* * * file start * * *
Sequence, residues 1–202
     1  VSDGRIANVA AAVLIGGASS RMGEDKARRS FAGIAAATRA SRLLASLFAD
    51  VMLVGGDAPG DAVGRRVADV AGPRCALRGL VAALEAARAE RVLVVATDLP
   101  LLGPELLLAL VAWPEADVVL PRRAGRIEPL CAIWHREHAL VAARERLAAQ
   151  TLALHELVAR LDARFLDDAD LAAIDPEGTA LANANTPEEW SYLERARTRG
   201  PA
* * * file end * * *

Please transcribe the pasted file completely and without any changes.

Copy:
Sequence, residues 1–202
     1  VSDGRIANVA AAVLIGGASS RMGEDKARRS FAGIAAATRA SRLLASLFAD
    51  VMLVGGDAPG DAVGRRVADV AGPRCALRGL VAALEAARAE RVLVVATDLP
   101  LLGPELLLAL VAWPEADVVL PRRAGRIEPL CAIWHREHAL VAARERLAAQ
   151  TLALHELVAR LDARFLDDAD LAAIDPEGTA LANANTPEEW SYLERARTRG
   201  PA